Periods, Fertility, and When to Talk to Your Doctor
Although periods can vary widely from woman to woman, there are certain standards that help to determine whether or not someone’s menstrual cycles are considered normal and healthy. In some cases, these standards can help doctors identify potential reproductive health issues. Depending on the circumstance, your period can offer a small window into your fertility that will help your doctor advise if further testing is needed.
What is a “normal” period?
When it comes to defining what makes a period normal, there are a few basic expectations for what your cycle should look like. These parameters are considered to be a sign of good health because they mean that your reproductive organs are functioning optimally. Some of these attributes include:
- Your cycle starts about every 28 days, although fluctuations of one to five days are expected and considered normal; your cycle length can also be affected by birth control, age, or childbirth
- Your menstrual flow is manageable, meaning you change your pad, tampon, or cup every few hours comfortably
- You can function normally, meaning that you can attend work, school, or other responsibilities without being overwhelmed by pain or discomfort
- If you do have pain or discomfort, you are able to manage these symptoms with over-the-counter pain relievers or a heating pad
- You typically do not experience consistent spotting between period cycles
How is my period connected to my fertility?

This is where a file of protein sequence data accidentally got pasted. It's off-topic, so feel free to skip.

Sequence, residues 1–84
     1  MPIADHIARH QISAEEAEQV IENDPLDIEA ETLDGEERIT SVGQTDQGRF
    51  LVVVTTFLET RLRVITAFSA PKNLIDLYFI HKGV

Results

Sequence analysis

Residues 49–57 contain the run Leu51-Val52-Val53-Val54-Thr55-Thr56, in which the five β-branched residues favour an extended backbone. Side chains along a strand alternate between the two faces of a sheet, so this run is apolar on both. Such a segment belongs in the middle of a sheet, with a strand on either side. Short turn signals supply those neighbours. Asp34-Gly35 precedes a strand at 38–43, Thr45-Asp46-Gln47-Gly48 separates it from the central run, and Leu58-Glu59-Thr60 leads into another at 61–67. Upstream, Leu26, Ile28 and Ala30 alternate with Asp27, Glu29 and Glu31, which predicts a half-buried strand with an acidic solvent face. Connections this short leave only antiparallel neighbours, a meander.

Your menstrual cycle is connected to how your body regulates fertility. Ovulation is the act of your body releasing an egg so it can potentially become fertilized. This is the time of the month when you are considered to be at peak fertility. When fertilization does not occur, your uterus sheds its lining so that it can be released out of the body through the vaginal canal. In an average 28-day cycle, ovulation typically takes place 14 days after the last day of your period. If your menstrual cycle is irregular, it can be difficult to successfully track your fertility window, making pregnancy harder to achieve on your own. Abnormal periods can also indicate an underlying reproductive issue.
What if my period isn’t “normal”?
If your period veers far off from the above bullet points, it’s important to connect with your gynecologist, especially if your cycle is irregular or if you are unable to function during your period. They will be able to address your specific concerns and note if there is a need to screen for underlying reproductive conditions, such as polycystic ovarian syndrome (PCOS) or endometriosis, both of which are common sources of menstrual abnormalities. If necessary, your gynecologist can prescribe a treatment plan that will help regulate your period cycles and alleviate painful symptoms.
If you feel your quality of life is lessened because of your period, or if you plan on trying for a pregnancy in the near future, but are uncertain about how to track ovulation, please consider connecting with your gynecologist.